Supporting female health challenges in the workplace drives an inclusive culture

Progressive companies realise that they need to take proactive steps to create a family-friendly and inclusive culture to attract and retain the best talent.

One of the ways to do this is by supporting female health challenges in the workplace.

Women are the fastest-growing workplace demographic.  Yet women face their own set of personal health challenges which span the very start to the very end of their careers.  With this in mind, our campaign for the Autumn will be around understanding the impact of 5 key challenges that most women juggle simultaneously with career progression:

  1. Periods
  2. Fertility
  3. Pregnancy
  4. Menopause
  5. Ageism on approach to retirement

HR Review recently reported on research by BetterUp that 59% women have taken time off due to these female health issues.

Supporting periods at work

HR Zone published an article earlier this year called It’s time to address menstruation in the workplace – period.  The following statistics from a DPG survey highlighted that:

  • 75% women experience PMS, which can have a serious impact on mood and emotions
  • 80% women feel less productive due to period symptoms
  • Almost 25% women have taken time off in the last 6 months for period-related issues but more than one third have lied about the reason for time off due to fear of judgement and embarrassment

Fertility challenges

Fertility Matters at Work’s research has found that:

  • 72% said their workplace didn’t have a fertility policy in place
  • 68% felt their fertility treatment had a significant impact on their mental and emotional wellbeing
  • 70% took sick leave during their treatment


  • Even in 2022, Metro reported that 25% expectant mothers fear maternity discrimination.  Fear of negativity and seeing changes in behaviour of managers and colleagues means that many women begin to worry about the impact of their impending maternity on their long-term career
  • Forbes reported in 2020 that pregnancy discrimination at work can impact both the mother’s and the baby’s health – highlighting the long-term consequences of a non-supportive working culture


  • 1 in 10 women have left their job due to menopause symptoms
  • A recent survey reported by People Management highlighted that 48% women felt uncomfortable talking about the menopause at work and 88% wish their workplace offered better support

Ageism on approach to retirement

  • Forbes published an article and reported on survey results last year, which revealed how Gendered Ageism affects Women’s Job Security and Financial Viability: 80% of those surveyed had encountered gendered ageism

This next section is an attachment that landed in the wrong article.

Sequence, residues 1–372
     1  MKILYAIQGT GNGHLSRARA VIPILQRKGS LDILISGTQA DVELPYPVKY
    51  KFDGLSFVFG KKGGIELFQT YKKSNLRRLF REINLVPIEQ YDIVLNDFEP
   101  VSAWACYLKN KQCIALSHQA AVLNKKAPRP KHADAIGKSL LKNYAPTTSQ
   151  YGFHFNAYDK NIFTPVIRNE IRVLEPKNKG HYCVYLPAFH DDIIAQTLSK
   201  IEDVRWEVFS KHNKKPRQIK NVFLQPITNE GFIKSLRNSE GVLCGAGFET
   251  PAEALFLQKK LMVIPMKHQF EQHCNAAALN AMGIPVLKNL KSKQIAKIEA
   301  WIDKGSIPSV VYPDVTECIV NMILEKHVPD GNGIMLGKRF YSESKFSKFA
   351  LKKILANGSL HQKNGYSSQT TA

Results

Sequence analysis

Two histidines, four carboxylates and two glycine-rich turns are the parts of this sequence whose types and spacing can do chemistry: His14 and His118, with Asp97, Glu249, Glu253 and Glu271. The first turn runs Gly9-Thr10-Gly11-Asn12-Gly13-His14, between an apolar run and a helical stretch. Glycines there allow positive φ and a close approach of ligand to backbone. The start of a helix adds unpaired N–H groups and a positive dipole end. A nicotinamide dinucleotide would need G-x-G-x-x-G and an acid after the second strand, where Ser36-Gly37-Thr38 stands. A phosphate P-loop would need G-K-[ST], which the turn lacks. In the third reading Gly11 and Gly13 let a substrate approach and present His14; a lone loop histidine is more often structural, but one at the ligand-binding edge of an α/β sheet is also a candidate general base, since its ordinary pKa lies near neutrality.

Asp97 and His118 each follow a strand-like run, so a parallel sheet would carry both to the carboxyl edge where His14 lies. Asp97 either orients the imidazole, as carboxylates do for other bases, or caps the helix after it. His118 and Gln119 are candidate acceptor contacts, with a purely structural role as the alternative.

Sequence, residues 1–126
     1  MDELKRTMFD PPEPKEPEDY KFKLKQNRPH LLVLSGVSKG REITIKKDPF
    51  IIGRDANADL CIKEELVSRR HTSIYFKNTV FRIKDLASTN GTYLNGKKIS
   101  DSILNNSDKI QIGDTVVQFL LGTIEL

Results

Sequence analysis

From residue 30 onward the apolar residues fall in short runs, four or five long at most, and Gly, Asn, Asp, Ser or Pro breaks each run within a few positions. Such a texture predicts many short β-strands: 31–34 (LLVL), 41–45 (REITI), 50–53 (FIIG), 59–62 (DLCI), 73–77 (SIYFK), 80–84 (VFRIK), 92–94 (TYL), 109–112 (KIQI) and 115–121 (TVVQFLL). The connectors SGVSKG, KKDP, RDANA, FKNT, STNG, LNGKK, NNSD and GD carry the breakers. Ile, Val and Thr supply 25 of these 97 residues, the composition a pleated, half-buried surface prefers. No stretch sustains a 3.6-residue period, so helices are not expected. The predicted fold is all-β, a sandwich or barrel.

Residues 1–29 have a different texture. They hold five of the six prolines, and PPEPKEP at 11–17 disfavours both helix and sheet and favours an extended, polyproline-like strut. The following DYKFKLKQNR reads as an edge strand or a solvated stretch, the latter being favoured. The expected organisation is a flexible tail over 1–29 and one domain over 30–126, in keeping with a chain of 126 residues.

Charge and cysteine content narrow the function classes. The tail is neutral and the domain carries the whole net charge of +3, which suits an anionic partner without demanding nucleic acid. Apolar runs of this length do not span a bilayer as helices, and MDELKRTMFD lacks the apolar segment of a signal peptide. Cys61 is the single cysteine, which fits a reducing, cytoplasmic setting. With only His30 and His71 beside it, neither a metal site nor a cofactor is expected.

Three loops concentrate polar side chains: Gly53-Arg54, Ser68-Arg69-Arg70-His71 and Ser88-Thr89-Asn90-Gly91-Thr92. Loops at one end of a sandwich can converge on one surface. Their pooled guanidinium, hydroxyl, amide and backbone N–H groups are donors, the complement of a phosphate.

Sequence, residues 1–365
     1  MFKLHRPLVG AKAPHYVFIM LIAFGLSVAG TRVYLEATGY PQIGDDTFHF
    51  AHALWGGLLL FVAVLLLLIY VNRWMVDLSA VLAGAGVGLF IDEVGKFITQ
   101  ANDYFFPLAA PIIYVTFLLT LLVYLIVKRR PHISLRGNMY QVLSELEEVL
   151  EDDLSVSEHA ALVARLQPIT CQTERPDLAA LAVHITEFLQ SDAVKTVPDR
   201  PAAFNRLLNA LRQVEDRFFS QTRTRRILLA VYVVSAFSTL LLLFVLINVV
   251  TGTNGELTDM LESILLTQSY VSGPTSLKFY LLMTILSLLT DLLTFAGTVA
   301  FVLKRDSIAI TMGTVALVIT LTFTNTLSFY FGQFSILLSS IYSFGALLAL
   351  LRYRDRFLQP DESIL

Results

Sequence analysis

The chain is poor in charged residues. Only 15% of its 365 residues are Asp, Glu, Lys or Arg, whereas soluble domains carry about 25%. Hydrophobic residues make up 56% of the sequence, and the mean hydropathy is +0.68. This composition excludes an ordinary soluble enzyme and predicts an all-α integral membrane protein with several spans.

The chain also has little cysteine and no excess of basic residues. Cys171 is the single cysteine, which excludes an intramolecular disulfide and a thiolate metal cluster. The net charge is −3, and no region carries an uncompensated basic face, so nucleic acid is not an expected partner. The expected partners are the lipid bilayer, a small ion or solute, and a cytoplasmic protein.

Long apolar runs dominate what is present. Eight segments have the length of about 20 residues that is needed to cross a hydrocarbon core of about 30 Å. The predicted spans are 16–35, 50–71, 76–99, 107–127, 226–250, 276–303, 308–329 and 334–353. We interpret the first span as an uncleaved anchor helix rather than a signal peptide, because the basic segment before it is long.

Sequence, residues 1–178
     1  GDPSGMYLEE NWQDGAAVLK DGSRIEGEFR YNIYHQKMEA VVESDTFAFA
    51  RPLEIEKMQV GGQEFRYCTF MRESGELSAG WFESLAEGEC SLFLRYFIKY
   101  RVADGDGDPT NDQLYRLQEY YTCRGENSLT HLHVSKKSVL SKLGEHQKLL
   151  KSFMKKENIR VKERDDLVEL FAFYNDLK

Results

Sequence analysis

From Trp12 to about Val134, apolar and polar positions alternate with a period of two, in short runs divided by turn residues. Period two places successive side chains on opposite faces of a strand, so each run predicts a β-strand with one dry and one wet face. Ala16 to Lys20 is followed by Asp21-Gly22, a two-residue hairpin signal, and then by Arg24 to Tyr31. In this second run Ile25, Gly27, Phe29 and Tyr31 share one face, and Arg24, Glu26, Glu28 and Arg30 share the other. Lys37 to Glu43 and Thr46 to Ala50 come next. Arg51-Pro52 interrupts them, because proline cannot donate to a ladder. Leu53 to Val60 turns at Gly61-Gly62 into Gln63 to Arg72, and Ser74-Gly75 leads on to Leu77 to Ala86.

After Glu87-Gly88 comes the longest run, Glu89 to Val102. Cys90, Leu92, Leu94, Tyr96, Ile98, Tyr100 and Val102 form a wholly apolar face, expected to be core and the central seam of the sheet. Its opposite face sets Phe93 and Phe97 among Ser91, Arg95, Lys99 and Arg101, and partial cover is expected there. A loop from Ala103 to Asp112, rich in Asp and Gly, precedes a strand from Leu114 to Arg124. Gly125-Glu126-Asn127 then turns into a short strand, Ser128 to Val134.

• 77% said their company’s D&I agenda didn’t include gendered ageism

What is the potential impact of these health issues on career?

Grappling with health challenges whilst trying to manage a career can be physically and emotionally draining.  Over time, if unsupported, this can lead to lower confidence levels around future potential and promotions may pass them by. 

Unsupportive managers may write off a team member because they are taking more time off than usual – often without understanding the reasons why.  For example, a senior female who has years of knowledge and experience may not be considered for the next big project because she has taken more time off recently to cope with challenging menopause symptoms. 

Women need to feel comfortable about sharing what they are experiencing at work.  They need to be able to talk openly and honestly to their managers or someone in HR about ways in which potential symptoms can be managed.  Women also need to be able to bring their whole selves to work – not feeling comfortable about themselves and feeling forced to lie or cover up issues which they feel guilty about has a negative impact on self-worth, confidence, mental and physical health.

86% women in the BetterUp survey said they would be more likely to choose an employer who was supportive of female health issues.  So, if employers become known for their family-friendly and supportive cultures, they will ultimately attract and retain diverse talent.

What needs to be done to support female health at work?

Potential solutions need to start with raising awareness and breaking the taboo on female health subjects:

  • Providing a dedicated webpage for tips, information and further resources about all 5 of the key health challenges/life stages
  • Having a policy in place with days off for period leave, appointments with specialists etc
  • Hosting regular drop-ins for informal chats and networking – whether this be face-to-face or virtually – this really reduces the taboo-nature of some of these health issues
  • Manager awareness – educating managers to look out for the signs that a female member of staff is struggling with managing symptoms.  We can help managers see that a potential change in behaviour or productivity is something which may well be addressed through a supportive conversation

At P&P we are hosting a roundtable breakfast discussion and networking event this month to discuss how these challenges affected by lack of support for female health can impact careers.  We will brainstorm what can be done to improve the situation.  If you’d like to receive the whitepaper report which will summarise our discussion, please email

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